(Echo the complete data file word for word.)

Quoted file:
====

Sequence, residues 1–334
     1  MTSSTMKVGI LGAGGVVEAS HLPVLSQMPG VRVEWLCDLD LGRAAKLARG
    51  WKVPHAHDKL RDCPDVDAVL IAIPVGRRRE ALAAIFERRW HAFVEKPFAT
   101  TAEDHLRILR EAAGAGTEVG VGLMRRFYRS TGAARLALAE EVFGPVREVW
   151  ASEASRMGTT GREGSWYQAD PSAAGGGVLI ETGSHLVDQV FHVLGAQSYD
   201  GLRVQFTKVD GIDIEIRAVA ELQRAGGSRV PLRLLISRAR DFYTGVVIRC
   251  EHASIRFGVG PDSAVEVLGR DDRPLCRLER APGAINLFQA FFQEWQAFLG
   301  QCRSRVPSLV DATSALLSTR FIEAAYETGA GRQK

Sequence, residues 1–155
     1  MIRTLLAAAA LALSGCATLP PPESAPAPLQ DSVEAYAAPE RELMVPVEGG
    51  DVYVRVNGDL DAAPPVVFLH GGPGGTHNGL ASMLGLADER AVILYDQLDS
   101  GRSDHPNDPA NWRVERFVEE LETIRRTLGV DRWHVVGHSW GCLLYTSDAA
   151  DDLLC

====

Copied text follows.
Sequence, residues 1–334
     1  MTSSTMKVGI LGAGGVVEAS HLPVLSQMPG VRVEWLCDLD LGRAAKLARG
    51  WKVPHAHDKL RDCPDVDAVL IAIPVGRRRE ALAAIFERRW HAFVEKPFAT
   101  TAEDHLRILR EAAGAGTEVG VGLMRRFYRS TGAARLALAE EVFGPVREVW
   151  ASEASRMGTT GREGSWYQAD PSAAGGGVLI ETGSHLVDQV FHVLGAQSYD
   201  GLRVQFTKVD GIDIEIRAVA ELQRAGGSRV PLRLLISRAR DFYTGVVIRC
   251  EHASIRFGVG PDSAVEVLGR DDRPLCRLER APGAINLFQA FFQEWQAFLG
   301  QCRSRVPSLV DATSALLSTR FIEAAYETGA GRQK

Sequence, residues 1–155
     1  MIRTLLAAAA LALSGCATLP PPESAPAPLQ DSVEAYAAPE RELMVPVEGG
    51  DVYVRVNGDL DAAPPVVFLH GGPGGTHNGL ASMLGLADER AVILYDQLDS
   101  GRSDHPNDPA NWRVERFVEE LETIRRTLGV DRWHVVGHSW GCLLYTSDAA
   151  DDLLC